Persistently absent pupils to be mentored under £5m trial

Pupils who are consistently absent will be matched with mentors as part of a new £5million try to boost school attendance in disadvantaged areas.

It comes after new data showed more than a third of secondary school students were permanently absent from school this year.

A tender A study published by the Department of Education shows ministers are looking for an organization that will recruit and train mentors “to provide targeted one-to-one support to young people and their families” to “overcome barriers to participation”.

The Government announced in its Leveling-up White Paper that it would provide targeted support for issues such as participation in 55 “educational investment areas” across England.

The successful bidder will initially work in one of the areas for a year and supervise between 500 and 1,000 students.

However, the contract will include the option to “scale to multiple territories nationally and support a larger number of students in grades two and three.”

Mentors have “talks” with absent students

Mentors have “talks” with students and families. They can also work with ‘external local agencies’ to improve school attendance.

Many schools and academies already employ attendance directors or staff to mentor students to reduce absentee rates.

The Greenwood Academies Trust recently advertised an ‘Attendance Officer – Learning Mentor’ whilst the Redhill Academy Trust was looking for an academic mentor whose duties would include chasing down low attendance students.

However, a recent analysis by the Education Endowment Foundation found “insufficient evidence” to support mentoring approaches to increase participation.

The Government said the program aims to “improve” the “capacity” for early help and intervention by working with students who are persistently absent or at risk of “severe” absenteeism – meaning half of those sessions is missed.

Data from Education Datalab showed that persistent absenteeism — the proportion of students missing 10 percent or more classes — remained high at 26 percent for elementary school students and 34 percent for secondary school students so far this year.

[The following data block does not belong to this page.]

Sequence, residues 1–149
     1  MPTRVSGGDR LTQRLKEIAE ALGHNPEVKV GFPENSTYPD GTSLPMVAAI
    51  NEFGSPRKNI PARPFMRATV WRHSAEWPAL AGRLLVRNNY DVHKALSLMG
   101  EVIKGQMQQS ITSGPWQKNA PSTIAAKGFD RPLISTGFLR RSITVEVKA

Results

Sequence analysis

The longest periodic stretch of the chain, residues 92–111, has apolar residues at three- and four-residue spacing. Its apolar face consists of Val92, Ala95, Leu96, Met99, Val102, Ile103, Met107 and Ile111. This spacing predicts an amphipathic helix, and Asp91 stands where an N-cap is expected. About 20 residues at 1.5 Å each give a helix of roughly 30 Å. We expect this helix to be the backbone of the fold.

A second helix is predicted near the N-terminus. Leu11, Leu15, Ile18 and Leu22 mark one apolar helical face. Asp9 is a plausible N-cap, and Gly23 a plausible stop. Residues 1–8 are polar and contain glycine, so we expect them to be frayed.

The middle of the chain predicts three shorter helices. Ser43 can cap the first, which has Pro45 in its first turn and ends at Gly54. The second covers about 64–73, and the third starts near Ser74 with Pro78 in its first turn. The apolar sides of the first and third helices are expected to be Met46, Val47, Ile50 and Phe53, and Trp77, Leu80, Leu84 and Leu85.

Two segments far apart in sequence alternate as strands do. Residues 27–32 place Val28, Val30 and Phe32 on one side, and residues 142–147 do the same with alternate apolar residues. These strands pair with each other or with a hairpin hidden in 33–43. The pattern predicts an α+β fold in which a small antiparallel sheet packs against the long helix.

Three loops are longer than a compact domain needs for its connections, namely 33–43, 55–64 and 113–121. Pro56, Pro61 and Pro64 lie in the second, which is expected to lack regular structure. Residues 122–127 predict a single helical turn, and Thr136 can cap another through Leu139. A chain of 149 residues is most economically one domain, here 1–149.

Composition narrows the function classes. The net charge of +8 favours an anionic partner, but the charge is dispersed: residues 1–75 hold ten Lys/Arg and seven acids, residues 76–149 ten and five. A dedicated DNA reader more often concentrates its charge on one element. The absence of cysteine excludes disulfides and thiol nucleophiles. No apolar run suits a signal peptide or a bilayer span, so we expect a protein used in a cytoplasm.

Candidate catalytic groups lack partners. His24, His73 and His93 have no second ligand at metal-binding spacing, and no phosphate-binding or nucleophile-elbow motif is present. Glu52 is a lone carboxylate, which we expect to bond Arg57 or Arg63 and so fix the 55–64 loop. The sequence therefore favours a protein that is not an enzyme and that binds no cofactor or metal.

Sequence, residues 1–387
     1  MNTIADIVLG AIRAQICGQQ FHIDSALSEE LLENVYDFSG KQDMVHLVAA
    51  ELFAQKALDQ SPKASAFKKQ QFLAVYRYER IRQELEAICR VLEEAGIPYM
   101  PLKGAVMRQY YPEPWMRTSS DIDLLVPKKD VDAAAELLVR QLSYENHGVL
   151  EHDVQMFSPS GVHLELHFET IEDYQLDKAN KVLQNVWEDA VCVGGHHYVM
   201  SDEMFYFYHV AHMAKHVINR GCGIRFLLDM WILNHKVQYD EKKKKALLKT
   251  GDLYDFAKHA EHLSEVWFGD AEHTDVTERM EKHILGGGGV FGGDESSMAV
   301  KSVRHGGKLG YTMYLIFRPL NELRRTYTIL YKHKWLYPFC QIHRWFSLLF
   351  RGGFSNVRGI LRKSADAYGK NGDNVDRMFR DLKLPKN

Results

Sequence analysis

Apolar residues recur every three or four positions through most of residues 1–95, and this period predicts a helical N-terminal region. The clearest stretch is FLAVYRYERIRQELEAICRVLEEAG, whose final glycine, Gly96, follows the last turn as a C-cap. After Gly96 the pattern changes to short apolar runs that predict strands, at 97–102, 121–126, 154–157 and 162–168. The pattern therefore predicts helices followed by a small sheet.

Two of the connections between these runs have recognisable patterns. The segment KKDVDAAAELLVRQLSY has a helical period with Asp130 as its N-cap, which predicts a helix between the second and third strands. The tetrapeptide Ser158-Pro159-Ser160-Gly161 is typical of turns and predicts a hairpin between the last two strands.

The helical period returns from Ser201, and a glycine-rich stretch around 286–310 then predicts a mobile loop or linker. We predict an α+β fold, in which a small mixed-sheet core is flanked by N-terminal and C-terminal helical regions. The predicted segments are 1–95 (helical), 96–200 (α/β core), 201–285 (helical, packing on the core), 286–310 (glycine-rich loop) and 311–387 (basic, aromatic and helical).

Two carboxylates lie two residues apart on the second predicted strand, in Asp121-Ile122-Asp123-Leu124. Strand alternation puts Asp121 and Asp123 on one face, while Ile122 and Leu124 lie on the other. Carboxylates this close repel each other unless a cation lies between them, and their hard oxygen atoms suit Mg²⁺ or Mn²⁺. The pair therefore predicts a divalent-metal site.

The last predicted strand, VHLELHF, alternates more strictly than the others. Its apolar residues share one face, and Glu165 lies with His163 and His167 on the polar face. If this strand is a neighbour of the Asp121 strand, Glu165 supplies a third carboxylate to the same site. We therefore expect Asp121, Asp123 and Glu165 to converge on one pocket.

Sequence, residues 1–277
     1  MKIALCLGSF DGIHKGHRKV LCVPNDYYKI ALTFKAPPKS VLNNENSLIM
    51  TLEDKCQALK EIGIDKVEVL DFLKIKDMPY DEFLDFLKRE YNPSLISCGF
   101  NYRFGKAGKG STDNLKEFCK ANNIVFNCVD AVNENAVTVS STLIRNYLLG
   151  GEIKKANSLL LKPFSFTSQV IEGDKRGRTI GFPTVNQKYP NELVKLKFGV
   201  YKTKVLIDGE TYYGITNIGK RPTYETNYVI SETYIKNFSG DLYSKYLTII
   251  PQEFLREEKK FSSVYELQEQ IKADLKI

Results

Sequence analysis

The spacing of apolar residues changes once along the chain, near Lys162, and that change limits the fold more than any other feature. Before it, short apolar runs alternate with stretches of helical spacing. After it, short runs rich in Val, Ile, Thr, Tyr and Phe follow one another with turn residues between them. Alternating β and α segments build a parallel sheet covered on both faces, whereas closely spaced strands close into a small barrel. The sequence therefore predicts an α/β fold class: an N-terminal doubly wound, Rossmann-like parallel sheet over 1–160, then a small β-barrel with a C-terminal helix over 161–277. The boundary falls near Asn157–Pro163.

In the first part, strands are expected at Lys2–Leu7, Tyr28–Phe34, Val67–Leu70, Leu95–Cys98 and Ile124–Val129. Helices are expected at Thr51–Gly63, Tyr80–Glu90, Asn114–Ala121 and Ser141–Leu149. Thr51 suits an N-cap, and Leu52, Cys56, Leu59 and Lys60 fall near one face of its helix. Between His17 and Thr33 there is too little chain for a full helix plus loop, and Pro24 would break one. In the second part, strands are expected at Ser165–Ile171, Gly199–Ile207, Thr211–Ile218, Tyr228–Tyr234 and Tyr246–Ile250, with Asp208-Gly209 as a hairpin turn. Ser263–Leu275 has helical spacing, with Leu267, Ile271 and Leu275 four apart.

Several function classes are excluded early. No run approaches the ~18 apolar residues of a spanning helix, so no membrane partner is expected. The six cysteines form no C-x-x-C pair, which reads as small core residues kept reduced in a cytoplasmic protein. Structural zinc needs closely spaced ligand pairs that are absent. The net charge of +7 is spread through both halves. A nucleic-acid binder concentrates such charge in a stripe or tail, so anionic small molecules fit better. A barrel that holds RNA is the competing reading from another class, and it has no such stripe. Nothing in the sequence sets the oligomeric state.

Permanent absence, 2013 to 2022

These have fallen from the highs of over 50 percent and almost 40 percent in the fall semester of 2020. But they are still far higher than in normal years, when primary permanent absenteeism is usually between 8 and 10 percent, and secondary is about 13 percent.

Heavy absenteeism — students missing more than half of class hours — also remains above 3 percent this school year in secondary schools.

The latest government statistics showed that 12.1 percent of students were persistent absenteeism and 1.1 percent were severe absenteeism in 2020-21. Numbers are lower because Datalab counts Covid isolation while DfE does not.

Datalab found that the increase in consistent absences was driven by increases in authorized absences, with unauthorized absence rates remaining similar to previous years.

Government data shows students missed 328 million face-to-face school days in 2020-21, 270 million because of Covid. This represents a fivefold increase in absenteeism compared to 2018-19, the last normal year before the pandemic.

Ministers have said they are concerned the pandemic has exacerbated prolonged absenteeism. About 12,000 schools are now using a new pilot to track daily attendance.

The Covid disruption is far from over

The latest government attendance data also show the disruption is far from over because of Covid.

Pupils’ Covid-related absences have tripled in just two weeks, while nearly one in ten teachers was off last week.

Statewide, student attendance fell from 92.2 percent to 89.7 percent, reversing a recent trend of rising attendance rates.

Geoff Barton, the general secretary of the ASCL school leaders union, said the government “must, as a bare minimum, continue to provide free Covid testing for educational establishments after April 1”.

The Guardian reported that free tests for schools would end this month. The government has refused to confirm the plans.

Meanwhile, Datalab also warned this week that underprivileged 11th graders missed school far more than their better-off peers.

Barton said it was an “extremely challenging situation” as students prepared for the exams.

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